Pathetic little boys in men’s bodies

I’ve been laying low on one set of discussions (except privately) for reasons of my own[*]. But within those private discussions I have had more than one occasion to note that there really are a fair number of “men” who apparently never found any reason to grow up…and maybe close their little clubhouse with its No Gurlz Aloud sign.

Well, now. I don’t read Forbes. I’m not going to link directly to this article because I sure don’t want to give it any extra “link love.” I’ll link to this post instead.

Pathetic. Truly pathetic. Also shameful.

Even more shameful: That a supposedly respectfulable “business” magazine would run such tripe.

[Second revision: It’s hard to type when you’re outraged.]

Addition, 8/24: Apparently Forbes pulled the “article”–then reposted it as an opinion piece, side-by-side with a counterpoint of sorts.

Then I looked at some of the comments. Not all–Forbes’ message format doesn’t make that at all easy (you have to open each message individually)–but the most recent page (30, maybe?).

And then went to wash my hands.
In a comment on another blog, I made a silly pseudo-mistake relating Maxim to Forbes. Based on many of the comments, I now wonder whether that’s all that silly, at least as far as some portion of the male readership is concerned.

(Yes, you’ll see that charming term “feminazis” used more than once.)

*Footnote added: Having a lot to do with scapegoating one particular ALA session and group, even more to do with one particular personal situation, and nothing at all to do with the underlying issues: Yes, too many techie “men” are really little boys in men’s bodies; yes, that’s unacceptable; yes, it’s up to men who have grown up to call sexist “humor” what it is; and no, there really is no place within the library field or its technological segments for the trivialization of women.

7 Responses to “Pathetic little boys in men’s bodies”

  1. CW says:

    Good grief – having followed the link you provided, I am speechless!

  2. walt says:

    Apparently Forbes pulled the article–but that doesn’t excuse running it and the idiotic slide show in the first place. Unless Forbes is actually a wiki disguised as a magazine site…

  3. Brad K. says:


    I followed the links to Jennifer’s site, where the articles are listed. has removed the articles.

    I started with the slideshow, the nine ‘reasons’. I disagree with the published motivations of the study findings listed, but the findings themselves feel reasonably correct. And the Noer article seems to proceed logically. I do not believe that the author, Michael Noer, feels strongly about the topic; the article does not seem slanted to personal bias, merely to reflect a surprising assortment of findings.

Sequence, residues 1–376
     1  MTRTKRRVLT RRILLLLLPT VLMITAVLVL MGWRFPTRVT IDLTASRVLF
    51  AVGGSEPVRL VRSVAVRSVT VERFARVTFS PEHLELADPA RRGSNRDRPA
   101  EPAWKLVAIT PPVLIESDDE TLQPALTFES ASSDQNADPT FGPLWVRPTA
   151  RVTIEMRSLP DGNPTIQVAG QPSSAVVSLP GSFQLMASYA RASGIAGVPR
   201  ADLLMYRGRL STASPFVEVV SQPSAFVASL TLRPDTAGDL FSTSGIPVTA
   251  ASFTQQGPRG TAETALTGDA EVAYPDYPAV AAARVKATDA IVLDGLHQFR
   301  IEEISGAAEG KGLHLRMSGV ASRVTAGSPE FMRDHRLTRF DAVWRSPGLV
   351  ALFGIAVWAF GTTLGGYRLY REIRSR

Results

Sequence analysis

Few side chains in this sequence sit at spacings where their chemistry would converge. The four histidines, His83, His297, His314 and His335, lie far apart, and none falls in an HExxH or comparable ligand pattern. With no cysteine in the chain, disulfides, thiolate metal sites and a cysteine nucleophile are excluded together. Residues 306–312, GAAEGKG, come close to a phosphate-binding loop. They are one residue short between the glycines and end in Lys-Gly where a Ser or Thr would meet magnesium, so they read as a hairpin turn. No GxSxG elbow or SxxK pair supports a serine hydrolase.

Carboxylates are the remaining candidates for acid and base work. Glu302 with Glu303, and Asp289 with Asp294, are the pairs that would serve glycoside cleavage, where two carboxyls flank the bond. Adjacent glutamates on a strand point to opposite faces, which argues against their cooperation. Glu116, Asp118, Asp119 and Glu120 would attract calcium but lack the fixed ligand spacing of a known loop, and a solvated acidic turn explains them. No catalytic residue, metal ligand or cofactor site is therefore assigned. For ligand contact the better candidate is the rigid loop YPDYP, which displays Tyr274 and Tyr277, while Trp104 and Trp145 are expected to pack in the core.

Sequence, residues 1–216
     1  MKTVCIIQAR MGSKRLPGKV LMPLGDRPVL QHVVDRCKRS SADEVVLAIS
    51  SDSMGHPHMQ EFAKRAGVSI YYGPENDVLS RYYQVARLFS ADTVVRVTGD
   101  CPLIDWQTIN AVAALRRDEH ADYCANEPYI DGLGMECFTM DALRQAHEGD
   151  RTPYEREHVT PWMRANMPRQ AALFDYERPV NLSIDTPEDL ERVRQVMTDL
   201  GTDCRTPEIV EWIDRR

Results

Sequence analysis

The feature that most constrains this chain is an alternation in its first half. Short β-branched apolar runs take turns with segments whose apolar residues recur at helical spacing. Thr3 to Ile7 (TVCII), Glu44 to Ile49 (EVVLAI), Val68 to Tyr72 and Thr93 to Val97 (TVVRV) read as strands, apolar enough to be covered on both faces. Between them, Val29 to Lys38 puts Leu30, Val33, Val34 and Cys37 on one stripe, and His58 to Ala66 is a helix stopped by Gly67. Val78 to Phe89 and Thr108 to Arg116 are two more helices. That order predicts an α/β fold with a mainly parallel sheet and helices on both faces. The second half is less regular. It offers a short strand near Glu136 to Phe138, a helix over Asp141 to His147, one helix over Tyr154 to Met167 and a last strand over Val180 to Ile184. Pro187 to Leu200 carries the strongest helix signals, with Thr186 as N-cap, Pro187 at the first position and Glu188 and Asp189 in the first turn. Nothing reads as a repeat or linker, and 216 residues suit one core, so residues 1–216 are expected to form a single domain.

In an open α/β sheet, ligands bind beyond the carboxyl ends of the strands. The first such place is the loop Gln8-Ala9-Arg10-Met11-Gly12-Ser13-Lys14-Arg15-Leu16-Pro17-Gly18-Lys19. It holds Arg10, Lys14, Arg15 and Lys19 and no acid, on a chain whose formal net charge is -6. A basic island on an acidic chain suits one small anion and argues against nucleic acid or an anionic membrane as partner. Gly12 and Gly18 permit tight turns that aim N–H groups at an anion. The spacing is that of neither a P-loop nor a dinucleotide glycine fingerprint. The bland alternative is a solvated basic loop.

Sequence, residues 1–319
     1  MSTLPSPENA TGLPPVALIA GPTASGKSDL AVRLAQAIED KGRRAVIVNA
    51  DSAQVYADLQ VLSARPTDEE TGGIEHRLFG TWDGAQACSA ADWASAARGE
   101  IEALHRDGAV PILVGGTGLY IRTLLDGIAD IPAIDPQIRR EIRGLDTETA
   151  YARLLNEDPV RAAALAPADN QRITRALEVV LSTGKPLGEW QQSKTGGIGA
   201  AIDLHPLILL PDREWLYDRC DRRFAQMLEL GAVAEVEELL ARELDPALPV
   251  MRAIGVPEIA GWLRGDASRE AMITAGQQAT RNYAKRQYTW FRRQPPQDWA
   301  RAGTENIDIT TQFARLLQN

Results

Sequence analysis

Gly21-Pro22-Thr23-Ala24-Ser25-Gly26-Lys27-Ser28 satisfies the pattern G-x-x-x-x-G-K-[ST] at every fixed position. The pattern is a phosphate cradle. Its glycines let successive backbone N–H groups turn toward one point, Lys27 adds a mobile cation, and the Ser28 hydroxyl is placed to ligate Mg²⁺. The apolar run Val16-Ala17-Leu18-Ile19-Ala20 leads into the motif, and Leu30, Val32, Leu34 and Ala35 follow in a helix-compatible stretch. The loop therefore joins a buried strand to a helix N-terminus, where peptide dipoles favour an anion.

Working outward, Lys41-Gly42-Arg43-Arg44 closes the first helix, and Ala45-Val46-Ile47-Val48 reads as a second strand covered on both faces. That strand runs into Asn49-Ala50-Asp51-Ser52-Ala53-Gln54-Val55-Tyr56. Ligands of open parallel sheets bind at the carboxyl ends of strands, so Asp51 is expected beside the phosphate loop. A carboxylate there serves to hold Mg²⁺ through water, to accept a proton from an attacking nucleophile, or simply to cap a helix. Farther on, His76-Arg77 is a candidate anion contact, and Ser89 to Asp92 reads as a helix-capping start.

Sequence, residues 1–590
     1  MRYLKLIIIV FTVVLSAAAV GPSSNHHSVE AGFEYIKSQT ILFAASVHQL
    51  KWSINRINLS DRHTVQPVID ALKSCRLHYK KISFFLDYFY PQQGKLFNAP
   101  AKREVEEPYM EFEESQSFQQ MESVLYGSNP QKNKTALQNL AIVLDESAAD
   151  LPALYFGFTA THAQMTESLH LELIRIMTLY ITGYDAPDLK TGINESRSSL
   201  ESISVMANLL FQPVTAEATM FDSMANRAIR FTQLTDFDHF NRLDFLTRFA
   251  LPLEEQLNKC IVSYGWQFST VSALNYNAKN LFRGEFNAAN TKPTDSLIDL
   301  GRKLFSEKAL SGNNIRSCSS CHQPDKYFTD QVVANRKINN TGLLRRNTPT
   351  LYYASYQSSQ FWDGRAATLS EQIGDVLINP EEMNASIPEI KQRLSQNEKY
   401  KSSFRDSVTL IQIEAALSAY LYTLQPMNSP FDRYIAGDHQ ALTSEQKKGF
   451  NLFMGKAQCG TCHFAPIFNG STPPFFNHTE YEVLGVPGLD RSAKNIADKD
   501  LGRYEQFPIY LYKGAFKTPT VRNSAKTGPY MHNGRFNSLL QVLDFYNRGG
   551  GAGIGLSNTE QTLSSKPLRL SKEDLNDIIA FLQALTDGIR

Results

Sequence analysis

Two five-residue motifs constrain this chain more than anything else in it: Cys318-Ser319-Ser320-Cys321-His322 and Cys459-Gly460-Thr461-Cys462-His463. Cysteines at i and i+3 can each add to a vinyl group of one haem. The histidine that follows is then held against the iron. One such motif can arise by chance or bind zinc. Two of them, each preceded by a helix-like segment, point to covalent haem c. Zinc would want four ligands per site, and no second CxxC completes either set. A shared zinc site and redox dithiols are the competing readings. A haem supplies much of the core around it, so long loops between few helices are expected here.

Political correctness, the ’emperor has no clothes’ conundrum, seems to be hysterically reacting to the Forbes article. And I am disappointed that all the criticism is about the title and tone of the article, with no attempt to refute the findings and sources cited. This feels more like a political agenda with the power to harm us all, and no intent to preserve objective consideration.

    What is most disappointing to me, is that if the findings cited are true, then there are lessons to be learned that will benefit coming generations. Lessons that will likely be buried under hysteria because Noer ‘dared’ to report those findings. I really believe any mistakes Noer made in composing his article are minor and without malice. If he actually made a mistake.

  4. walt says:

    I disagree. Correlation does not imply causation: That’s the most fundamental issue when dealing with “statistics” of this sort.

    It was a misogynistic piece made even worse by the slide-show approach. You’ll note that I didn’t call the author out by name, but it was a foolish, sexist article.

    And if that’s hysterical, then so be it. For that matter, crying “political correctness” has gotten very old as a way of defending nasty pieces of work.

    It’s not a matter of “refuting findings”; it’s a matter of tone, interpretation–and, to be sure, of assuming that correlation implies causation. “Lessons to be learned” are not going to come from sexist articles in Forbes: Of that I’m sure.

    (After looking at the name of your blog, I was seriously tempted to delete this as trolling, but chose not to–particularly since the name is right there for people to link to. Readers can draw their own conclusions.)

  5. ..and people wonder why we still need COSWL?

  6. Diane says:

    After reading this entry yesterday, I was interested to see it on Good Morning America this morning. Oddly enough, they mentioned trying to contact the author for his input and Forbes “spokeswoman” said he was unavailable for further comment and felt the piece spoke for itself.

    It reminded me of the song from “My Fair Lady,” “Why Can’t a Woman Be More Like a Man?” Alas, he can’t have it both ways.

  7. walt says:

    I will certainly agree that the piece speaks for itself, as does Forbes’ “Maxim with Money” decision to run it.